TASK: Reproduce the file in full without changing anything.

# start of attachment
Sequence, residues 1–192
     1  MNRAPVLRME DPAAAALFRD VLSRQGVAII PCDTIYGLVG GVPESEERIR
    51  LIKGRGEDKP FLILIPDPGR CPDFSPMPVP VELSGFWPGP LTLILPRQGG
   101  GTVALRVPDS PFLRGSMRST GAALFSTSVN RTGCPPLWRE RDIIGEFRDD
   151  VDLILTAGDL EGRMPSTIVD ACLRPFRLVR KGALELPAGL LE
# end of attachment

Sequence, residues 1–192
     1  MNRAPVLRME DPAAAALFRD VLSRQGVAII PCDTIYGLVG GVPESEERIR
    51  LIKGRGEDKP FLILIPDPGR CPDFSPMPVP VELSGFWPGP LTLILPRQGG
   101  GTVALRVPDS PFLRGSMRST GAALFSTSVN RTGCPPLWRE RDIIGEFRDD
   151  VDLILTAGDL EGRMPSTIVD ACLRPFRLVR KGALELPAGL LE